The next stop was at the Pettai Eswaran Temple. The deity here was known as Visweswaraswamy and his consort is Visalakshi. This 500-plus-year-old temple was perhaps constructed during the Vijayanagar Era. The temple has three entrances, one for Lord Hanuman (Nine prayers are offered as per the Dwaitha Sampradhaya in this shrine), one for Lord Visweswara (Here it is as per Adwaita Sampradhaya and they follow some practices as per Saiva Siddhanta also), the third one is the shrine for Lord Venkataramana (The Visishtadwaitha Sampradhaya is followed here).
While each of these shrines have a separate entrance, it is also possible to move from one shrine to another internally too. Interconnecting entrances facilitate this for the devotees. The inclusive nature of Sanatana dharma had in fact made this possible. The priest, Viswanathan, offered us the vada-s which had been strung as a garland for Lord Bhairava. Ramdas Iyer works from a place named after Bhairava! The priest at the Hanuman shrine known as Krishnamurthy placed the silver mace of Hanuman on our heads. He is unique in the sense; he offers a coin to every devotee who prays here.
The three of us moved to the Vyasaraja Mutt on R. G. Street. This temple of Lord Hanuman is located in the busy wholesale market area. The icon of Hanuman had been installed by Saint Vyasaraja. This Saint had been the Rajaguru of Emperor Sri Krishna Deva Raya (1509 - 1529) of Vijayanagar. My friend A. G. Venkatesh had introduced me to this shrine. We prayed to Lord Hanuman and the divine couple Lakshmi & Narayana who were ensconced under the old peepal tree. The temple had a number of cows. The priest, Ramachandra Achar, offered us the mantrakshatha.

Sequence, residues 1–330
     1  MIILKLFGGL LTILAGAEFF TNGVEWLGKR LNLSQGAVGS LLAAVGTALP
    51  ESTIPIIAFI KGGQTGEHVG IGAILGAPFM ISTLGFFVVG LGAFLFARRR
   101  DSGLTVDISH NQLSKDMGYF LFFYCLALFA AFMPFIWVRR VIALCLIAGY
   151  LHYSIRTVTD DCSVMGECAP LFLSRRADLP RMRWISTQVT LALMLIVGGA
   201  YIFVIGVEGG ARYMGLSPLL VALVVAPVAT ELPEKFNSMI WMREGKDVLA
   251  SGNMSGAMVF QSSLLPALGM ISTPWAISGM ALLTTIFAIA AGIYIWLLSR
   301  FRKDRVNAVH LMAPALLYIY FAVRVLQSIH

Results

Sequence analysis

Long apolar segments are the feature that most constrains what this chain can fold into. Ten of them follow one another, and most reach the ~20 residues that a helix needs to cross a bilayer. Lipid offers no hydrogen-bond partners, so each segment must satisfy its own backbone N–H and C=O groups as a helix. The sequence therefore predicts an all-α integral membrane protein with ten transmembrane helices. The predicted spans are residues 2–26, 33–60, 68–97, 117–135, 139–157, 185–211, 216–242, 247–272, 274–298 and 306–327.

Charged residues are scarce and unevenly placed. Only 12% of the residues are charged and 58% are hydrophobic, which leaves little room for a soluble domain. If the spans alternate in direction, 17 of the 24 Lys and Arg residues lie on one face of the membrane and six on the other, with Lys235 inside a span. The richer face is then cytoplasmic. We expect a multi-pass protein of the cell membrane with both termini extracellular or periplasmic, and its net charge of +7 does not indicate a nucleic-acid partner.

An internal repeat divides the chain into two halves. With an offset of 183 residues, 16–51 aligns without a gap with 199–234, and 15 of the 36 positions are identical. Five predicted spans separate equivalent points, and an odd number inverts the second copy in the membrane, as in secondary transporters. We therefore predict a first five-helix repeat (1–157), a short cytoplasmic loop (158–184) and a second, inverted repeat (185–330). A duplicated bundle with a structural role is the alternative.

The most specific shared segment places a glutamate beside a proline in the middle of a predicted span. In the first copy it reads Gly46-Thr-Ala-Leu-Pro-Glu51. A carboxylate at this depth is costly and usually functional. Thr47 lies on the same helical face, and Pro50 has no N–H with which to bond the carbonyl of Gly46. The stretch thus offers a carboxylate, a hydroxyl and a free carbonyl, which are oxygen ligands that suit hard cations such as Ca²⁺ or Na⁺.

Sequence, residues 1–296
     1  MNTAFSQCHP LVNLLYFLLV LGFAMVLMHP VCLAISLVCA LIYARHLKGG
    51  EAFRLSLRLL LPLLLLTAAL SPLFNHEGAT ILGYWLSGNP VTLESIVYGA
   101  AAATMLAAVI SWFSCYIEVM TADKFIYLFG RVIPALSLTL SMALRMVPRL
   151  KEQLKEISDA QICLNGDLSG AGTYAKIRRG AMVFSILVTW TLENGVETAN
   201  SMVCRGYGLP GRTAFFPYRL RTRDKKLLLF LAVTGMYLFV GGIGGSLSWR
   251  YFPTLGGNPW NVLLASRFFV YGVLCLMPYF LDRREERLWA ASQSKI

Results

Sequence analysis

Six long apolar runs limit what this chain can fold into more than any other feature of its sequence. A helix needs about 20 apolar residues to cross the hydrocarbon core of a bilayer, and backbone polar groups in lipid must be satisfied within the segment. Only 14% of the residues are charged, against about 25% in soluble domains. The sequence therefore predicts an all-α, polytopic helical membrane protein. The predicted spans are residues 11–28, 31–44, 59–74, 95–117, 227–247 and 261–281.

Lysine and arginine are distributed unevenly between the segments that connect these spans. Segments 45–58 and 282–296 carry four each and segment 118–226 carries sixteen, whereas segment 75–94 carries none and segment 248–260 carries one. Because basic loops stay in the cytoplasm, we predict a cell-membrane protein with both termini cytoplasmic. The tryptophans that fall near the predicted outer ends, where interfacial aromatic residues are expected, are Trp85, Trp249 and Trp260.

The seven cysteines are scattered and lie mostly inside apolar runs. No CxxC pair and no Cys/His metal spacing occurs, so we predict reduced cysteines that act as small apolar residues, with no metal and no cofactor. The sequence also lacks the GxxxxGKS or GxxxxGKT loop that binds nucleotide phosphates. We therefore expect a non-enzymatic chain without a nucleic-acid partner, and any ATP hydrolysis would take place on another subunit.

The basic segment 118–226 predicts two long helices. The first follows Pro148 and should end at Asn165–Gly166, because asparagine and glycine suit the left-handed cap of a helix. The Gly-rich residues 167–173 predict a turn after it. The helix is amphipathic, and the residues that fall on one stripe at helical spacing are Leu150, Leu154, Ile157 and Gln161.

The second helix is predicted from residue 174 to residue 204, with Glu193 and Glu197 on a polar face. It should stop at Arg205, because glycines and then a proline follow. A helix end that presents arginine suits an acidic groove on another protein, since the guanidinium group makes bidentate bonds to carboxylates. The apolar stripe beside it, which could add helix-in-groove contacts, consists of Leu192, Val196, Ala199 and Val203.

We got into the car and moved over to Big Bazaar Street. The darshan at the Garadi Temple was new to Ramdas Iyer. We told him about the wrestling corner in the temple. He saw the spot and was happy to observe weights made of stone and maces made of wood. This temple was managed by the Jatti Community People. They had been the ones who had guarded Coimbatore town those days.
Thereafter we offered our worship at the next door Perumal temple. The sanctum had the icons of Lakshmi Narayana and Rukmini Sathabhama Sametha Venugopalaswamy. The two icons in one sanctum were a rarity. The priest, Appannacharya, told Ramdas Iyer about the Prayoga chakram (Discus of Lord Vishnu found in a unique pose) in the hands of Lord Kasthuri Ranganatha (Processional deity) and we prayed well while passing through the Paramapadha vasal (A special door within any shrine of Lord Vishnu following the Visishtadwaitha Sampradaya).
The pilgrimage had been successful, and we decided to have some nice filter coffee. Jaganathan suggested that we have the same at IDC. The coffee at IDC was made with the coffee powder which was prepared at Parampere Coffee in Bengaluru. The venture was founded by my cousin Girija, and her husband Chandan of Bengaluru. We savoured the coffee and had a long chat about temples, Indic writers etc.